Scientists have identified a channel present in many pain detecting sensory neurons that acts as a 'brake', limiting spontaneous pain. It is hoped that the new research, published today [22 January] in the Journal of Neuroscience, will ultimately contribute to new pain relief treatments.
Spontaneous pain is ongoing pathological pain that occurs constantly (slow burning pain) or intermittently (sharp shooting pain) without any obvious immediate cause or trigger. The slow burning pain is the cause of much suffering and debilitation. Because the mechanisms underlying this type of slow burning pain are poorly understood, it remains very difficult to treat effectively.
Spontaneous pain of peripheral origin is pathological, and is associated with many types of disease, inflammation or damage of tissues, organs or nerves (neuropathic pain). Examples of neuropathic pain are nerve injury/crush, post-operative pain, and painful diabetic neuropathy.
Previous research has shown that this spontaneous burning pain is caused by continuous activity in small sensory nerve fibers, known as C-fiber nociceptors (pain neurons). Greater activity translates into greater pain, but what causes or limits this activity remained poorly understood.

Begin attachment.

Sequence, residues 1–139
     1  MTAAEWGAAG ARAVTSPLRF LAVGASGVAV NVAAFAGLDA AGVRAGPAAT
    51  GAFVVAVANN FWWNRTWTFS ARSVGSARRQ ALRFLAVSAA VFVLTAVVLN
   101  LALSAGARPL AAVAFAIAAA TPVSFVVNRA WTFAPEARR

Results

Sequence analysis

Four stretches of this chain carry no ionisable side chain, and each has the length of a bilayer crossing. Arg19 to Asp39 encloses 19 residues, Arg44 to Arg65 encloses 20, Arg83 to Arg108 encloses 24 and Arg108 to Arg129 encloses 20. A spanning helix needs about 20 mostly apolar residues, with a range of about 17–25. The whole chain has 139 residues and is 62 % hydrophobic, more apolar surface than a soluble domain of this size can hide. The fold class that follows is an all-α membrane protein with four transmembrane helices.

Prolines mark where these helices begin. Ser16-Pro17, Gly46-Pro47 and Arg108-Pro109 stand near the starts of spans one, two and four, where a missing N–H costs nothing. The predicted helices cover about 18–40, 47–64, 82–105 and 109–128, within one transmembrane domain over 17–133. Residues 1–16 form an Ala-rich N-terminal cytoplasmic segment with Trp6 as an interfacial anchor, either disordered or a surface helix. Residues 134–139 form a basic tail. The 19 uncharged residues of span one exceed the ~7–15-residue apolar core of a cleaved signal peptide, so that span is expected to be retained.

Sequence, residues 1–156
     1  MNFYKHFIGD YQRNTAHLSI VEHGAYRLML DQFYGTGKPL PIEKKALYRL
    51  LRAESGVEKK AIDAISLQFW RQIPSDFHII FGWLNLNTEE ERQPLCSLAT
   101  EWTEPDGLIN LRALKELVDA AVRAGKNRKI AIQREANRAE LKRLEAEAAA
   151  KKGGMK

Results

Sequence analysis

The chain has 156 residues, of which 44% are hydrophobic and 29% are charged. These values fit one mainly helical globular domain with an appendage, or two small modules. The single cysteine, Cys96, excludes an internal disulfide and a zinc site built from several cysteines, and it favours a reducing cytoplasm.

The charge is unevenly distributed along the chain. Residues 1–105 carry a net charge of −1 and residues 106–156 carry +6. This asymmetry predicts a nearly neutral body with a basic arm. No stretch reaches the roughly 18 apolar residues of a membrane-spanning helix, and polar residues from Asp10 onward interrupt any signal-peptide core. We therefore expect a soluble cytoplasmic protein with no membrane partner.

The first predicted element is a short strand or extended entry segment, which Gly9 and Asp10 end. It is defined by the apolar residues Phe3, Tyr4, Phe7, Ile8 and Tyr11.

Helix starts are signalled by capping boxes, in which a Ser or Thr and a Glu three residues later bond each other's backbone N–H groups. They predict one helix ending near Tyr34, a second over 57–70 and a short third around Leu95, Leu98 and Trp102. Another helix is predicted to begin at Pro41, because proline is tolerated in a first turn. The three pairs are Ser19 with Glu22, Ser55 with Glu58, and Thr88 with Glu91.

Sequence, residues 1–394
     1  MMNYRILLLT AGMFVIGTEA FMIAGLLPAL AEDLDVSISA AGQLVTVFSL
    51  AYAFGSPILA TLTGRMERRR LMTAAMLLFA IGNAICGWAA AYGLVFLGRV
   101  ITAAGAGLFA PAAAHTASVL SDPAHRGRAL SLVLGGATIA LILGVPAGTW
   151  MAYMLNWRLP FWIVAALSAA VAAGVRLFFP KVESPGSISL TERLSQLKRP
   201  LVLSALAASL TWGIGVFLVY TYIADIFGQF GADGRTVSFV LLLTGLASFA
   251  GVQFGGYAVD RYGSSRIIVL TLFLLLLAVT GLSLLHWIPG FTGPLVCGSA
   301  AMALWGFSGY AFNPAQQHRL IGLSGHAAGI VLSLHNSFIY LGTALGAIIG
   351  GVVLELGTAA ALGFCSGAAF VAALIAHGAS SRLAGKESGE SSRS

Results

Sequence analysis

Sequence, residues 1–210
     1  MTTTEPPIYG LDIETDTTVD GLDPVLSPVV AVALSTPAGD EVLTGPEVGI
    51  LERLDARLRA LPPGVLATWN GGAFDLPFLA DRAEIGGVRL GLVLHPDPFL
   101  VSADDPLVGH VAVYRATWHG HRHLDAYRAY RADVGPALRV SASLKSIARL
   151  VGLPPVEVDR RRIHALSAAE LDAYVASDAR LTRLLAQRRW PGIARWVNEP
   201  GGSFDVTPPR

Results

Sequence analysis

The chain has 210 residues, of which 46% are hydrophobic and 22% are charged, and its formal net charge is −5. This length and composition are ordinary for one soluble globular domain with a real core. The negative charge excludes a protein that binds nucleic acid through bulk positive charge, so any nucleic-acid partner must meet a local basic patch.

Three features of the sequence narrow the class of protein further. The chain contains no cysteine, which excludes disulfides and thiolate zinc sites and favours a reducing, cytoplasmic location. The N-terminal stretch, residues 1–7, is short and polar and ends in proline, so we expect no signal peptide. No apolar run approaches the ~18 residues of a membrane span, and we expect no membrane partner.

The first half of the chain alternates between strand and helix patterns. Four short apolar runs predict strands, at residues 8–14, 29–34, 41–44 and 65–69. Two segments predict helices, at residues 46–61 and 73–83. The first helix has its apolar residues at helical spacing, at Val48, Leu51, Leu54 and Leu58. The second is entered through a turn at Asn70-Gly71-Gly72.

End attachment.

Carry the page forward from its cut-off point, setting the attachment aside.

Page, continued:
Now, new research from the University of Bristol, has identified a particular ion channel present exclusively in these C-fiber nociceptors This ion channel, known as TREK2, is present in the membranes of these neurons, and the researchers showed that it provides a natural innate protection against this pain.
Ion channels are specialised proteins that are selectively permeable to particular ions. They form pores through the neuronal membrane. Leak potassium channels are unusual, in that they are open most of the time allowing positive potassium ions (K+) to leak out of the cell. This K+ leakage is the main cause of the negative membrane potentials in all neurons. TREK2 is one of these leak p
|Contact: Philippa Walker|
University of Bristol